Chemistry - Structure of the Atom
By 1900, it was discovered that the atom was not a simple, indivisible particle, but rather it contains sub-atomic particles.
J.J. Thomson discovered the sub-atomic particle namely ‘electron.’
J.J. Thomson was the first person who proposed a model for the structure of an atom.
In 1886, E. Goldstein discovered the presence of new radiations in a gas discharge and named them canal rays.
Another positively charged sub-atomic particle was discovered with experiments of canal rays and named it proton.
Thomson’s Model of Atom
Thomson proposed that an atom consists of a positively charged sphere and the electrons (negative charge) are embedded in it (as shown in the image given below).
Further, Thomson said that the negative and positive charges are equal in magnitude. Thus, the atom as a whole is electrically neutral.
Rutherford’s Model of Atom
E. Rutherford is popular as the ‘Father’ of nuclear physics.
Rutherford is largely known for his work on radioactivity and the discovery of the nucleus of an atom with the gold foil experiment (as shown in the image given below.
Rutherford said that in an atom, there is a positively charged center known as the nucleus.
Rutherford said that nearly all the mass of an atom exists in in the nucleus.
According to Rutherford, the electrons revolve around the nucleus in well-defined orbits.
Bohr’s Model of Atom
Neils Bohr further extended Rutherford’s model and improved his drawbacks.
According to Bohr, only certain special orbits known as discrete orbits of electrons, are allowed inside the atom.
Bohr said that electrons do not radiate energy while revolving in discrete orbits.
Bohr named orbits or shells as energy levels (as shown in the image given below).
Bohr represented these orbits or shells are by the letters K, L, M, N,… or the numbers, n = 1,2,3,4,….
In 1932, J. Chadwick discovered a new sub-atomic particle i.e. neutron.
Neutron has no charge and a mass nearly equal to that of a proton.
Neutrons are present in the nucleus of all atoms, except hydrogen.
Electrons Distributed in Different Orbits (Shells)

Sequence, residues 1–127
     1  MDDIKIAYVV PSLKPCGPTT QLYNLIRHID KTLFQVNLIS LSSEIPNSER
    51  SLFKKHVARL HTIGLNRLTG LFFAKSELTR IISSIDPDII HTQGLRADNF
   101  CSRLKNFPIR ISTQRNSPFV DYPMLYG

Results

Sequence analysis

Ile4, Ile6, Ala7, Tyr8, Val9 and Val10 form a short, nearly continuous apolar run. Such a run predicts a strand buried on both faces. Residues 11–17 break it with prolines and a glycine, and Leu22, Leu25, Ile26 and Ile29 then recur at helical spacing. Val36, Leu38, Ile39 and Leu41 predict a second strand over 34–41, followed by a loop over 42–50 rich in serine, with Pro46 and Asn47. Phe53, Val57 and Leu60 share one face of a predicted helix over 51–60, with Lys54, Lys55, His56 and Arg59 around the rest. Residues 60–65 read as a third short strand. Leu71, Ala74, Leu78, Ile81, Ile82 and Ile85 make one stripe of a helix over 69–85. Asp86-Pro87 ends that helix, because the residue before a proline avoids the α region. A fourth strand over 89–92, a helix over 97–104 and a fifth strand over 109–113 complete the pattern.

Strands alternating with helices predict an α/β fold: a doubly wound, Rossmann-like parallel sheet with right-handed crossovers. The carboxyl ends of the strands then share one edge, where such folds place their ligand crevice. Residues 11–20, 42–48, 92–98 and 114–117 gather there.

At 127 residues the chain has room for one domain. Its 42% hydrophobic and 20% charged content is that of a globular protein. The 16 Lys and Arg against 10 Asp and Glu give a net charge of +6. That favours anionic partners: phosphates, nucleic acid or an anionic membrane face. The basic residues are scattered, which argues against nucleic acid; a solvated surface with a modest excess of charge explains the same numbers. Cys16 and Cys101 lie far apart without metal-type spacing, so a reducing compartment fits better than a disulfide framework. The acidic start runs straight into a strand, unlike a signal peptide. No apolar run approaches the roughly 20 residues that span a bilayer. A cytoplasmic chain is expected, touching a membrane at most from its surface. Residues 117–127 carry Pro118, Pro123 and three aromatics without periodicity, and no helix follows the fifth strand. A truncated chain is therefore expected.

The maximum number of electrons that can be present in a shell is given by the formula 2n2.
‘n’ is the orbit number or energy level index, i.e. 1, 2, 3,….
According to the given formula −
First orbit i.e. K-shell will be = 2 × 12 = 2
Second orbit i.e. L-shell will be = 2 × 22 = 8
Third orbit i.e. M-shell will be = 2 × 32 = 18
Fourth orbit i.e. N-shell will be = 2 × 42 = 32
Likewise, the maximum number of electrons that can be accommodated in the outermost orbit is 8.
Electrons are not filled in a given shell, unless the inner shells are filled. It means, the shells are filled in a step-wise manner; starting from inner shell to outer shell.
The electrons, those are present in the outermost shell of an atom, are known as the valence electrons.
According to Bohr-Bury model, the outermost shell of an atom can have a maximum of 8 electrons.
The total number of protons, present in the nucleus of an atom, is known as atomic number.
The number of protons of an atom determines the atomic number.
Atomic number is denoted by ‘Z’.
Protons and neutrons collectively are known as nucleons.
The sum of the total number of protons and neutrons, present in the nucleus of an atom, is known as mass number.
The atoms of the same element, having the same atomic number but different mass numbers, is known as isotopes. E.g. Hydrogen atom has three isotopes namely protium, deuterium, and tritium.
The chemical properties of isotopes of an atom are similar but their physical properties are different.
Atoms of different elements with different atomic numbers, which have the same mass number, are known as isobars. E.g. calcium’s atomic number is 20and argon’s atomic number is 18; further, the number of electrons in these atoms is different, but the mass number of both these elements is 40.